UAW to Strike GM – Contract Talks Deadlocked

AutoInformed.com on GM andthe UAW

The opening day for contract talks this year arguably began with baseball. An example of idiocy from the tone-deaf management of General Motors, the opening day lineup was changed as UAW members arose in anger and successfully got a Mexican-Made Chevrolet Blazer removed from the Chevrolet Fountain at Comerica Park, the home of the Detroit Tigers. Both the Union and GM leadership just watched the Mexican stolen base with defensive indifference. In the Blazer’s place now is a U.S.-made Traverse.

Local UAW Union leaders from across the nation met Sunday morning after the 2015 General Motors collective bargaining agreement expired last night and opted to strike at midnight on Sunday. In a widely expected development, the autoworkers are calling on the Big 3 automaker “to recognize the contributions and sacrifices that the company’s UAW members have made to create a healthy, profitable, industry.”

There are other issues in play that thus far have not been part of the publicly known parts of the negotiations. UAW President Gary Jones, of course is under an investigation by the FBI in the fraudulent diversion of funds from FCA Fiat that were supposed to support UAW worker training. He refused to stand down as president during the contract talks as criminal investigations ensue.

A two-year probe has already led to the convictions of five people affiliated with the UAW and three Fiat Chrysler executives. Michael Grimes, a retired senior official with the union’s GM division, is charged with wire fraud and money laundering for allegedly receiving $2 million in kickbacks from UAW vendors pled guilty to stealing from union members over a period of nearly 12 years, 2006 and July 1, 2018.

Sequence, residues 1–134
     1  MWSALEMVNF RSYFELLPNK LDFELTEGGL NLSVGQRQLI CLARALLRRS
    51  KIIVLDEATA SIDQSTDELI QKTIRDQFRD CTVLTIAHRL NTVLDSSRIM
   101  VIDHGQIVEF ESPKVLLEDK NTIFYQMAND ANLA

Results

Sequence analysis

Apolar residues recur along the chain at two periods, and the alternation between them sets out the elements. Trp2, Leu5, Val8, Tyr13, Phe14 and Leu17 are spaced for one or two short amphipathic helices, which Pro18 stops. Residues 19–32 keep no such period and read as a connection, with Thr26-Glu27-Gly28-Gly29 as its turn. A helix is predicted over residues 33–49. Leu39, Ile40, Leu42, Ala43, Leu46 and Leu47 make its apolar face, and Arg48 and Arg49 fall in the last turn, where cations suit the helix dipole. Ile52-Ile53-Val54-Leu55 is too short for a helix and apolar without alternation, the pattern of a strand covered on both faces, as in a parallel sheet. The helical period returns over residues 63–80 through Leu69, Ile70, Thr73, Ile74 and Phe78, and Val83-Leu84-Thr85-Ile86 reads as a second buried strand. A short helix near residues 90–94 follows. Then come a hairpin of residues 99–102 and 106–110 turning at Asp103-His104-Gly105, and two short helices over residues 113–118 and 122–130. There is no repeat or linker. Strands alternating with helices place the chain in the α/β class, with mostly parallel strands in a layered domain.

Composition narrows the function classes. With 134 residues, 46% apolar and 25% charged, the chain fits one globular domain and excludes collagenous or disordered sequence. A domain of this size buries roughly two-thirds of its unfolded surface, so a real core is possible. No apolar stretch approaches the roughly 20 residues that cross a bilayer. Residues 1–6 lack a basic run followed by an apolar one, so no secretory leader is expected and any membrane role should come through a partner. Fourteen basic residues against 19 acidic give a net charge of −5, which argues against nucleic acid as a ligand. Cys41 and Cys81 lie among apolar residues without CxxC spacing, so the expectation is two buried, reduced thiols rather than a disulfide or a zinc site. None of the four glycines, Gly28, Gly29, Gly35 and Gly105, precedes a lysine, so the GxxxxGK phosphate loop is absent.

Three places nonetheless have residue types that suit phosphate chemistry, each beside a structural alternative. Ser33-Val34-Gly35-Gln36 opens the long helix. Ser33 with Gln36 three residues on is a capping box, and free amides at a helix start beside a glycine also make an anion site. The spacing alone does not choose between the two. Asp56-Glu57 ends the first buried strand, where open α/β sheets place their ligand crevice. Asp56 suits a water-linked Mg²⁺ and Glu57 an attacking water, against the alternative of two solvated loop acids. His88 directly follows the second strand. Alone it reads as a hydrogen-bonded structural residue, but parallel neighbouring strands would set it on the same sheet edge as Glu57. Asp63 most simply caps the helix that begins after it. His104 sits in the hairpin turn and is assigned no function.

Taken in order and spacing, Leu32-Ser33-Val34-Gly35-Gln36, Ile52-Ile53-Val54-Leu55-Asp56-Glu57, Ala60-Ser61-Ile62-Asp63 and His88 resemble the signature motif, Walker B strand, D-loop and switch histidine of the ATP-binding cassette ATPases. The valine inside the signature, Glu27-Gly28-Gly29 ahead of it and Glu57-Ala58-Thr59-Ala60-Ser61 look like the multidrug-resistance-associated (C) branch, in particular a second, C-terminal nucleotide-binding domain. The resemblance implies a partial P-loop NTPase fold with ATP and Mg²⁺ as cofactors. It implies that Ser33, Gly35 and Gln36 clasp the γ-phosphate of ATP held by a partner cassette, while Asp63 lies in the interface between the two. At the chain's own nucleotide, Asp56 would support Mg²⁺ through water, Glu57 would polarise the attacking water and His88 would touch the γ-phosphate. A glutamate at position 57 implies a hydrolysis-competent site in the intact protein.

GM continued its bland public posture saying in a statement: “We continue to work hard on solutions to some very difficult challenges. We are prepared to negotiate around the clock because there are thousands of GM families and their communities – and many thousands more at our dealerships and suppliers – counting on us for their livelihood. Our goal remains on building a strong future for our employees and our business.”

Following a formal meeting of the GM Council consisting of local union leaders, the UAW announced the membership is going on strike at midnight Sunday to secure:

  • Fair Wages
  • Affordable Healthcare
  • Our Share of Profits
  • Job Security
  • A Defined Path to Permanent Seniority for Temps

The decision to strike comes a day after UAW Vice President Terry Dittes notified General Motors leadership that the Union would not agree to extend the Collective Bargaining Agreements.

“We told UAW GM members that we would stand up for them and their future,” said Gary Jones, President of the UAW.

The strike does not just involve GM and its suppliers. It has the potential to turn into a national crisis and affect the upcoming presidential election. It could certainly drag in Ford and FCA. At midnight more than 850 Aramark workers in Michigan and Ohio walked off the job over better wages, health care and retirement. The teamsters have yet to be heard from.

“We have UAW members who work long, hard hours and are still on public assistance,” said Gerald Kariem, Director of UAW Region 1D. “It’s shameful.”

Aramark maintenance workers in Hamtramck, Warren, Flint, Grand Blanc and Parma, Ohio have been working on an extended contract since March of 2018. Key issues involve wages, caps on health insurance, vacation time and 401k retirement. The union, negotiating with GM for a new deal for autoworkers, extended contracts for Ford and Fiat Chrysler Automobiles, but told GM Saturday that it would not extend its contract.

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About Kenneth Zino

Ken Zino is an auto industry veteran with global experience in print, broadcast and electronic media. He has auto testing, marketing, public relations and communications expertise garnered while working in Asia, Europe and the U.S.
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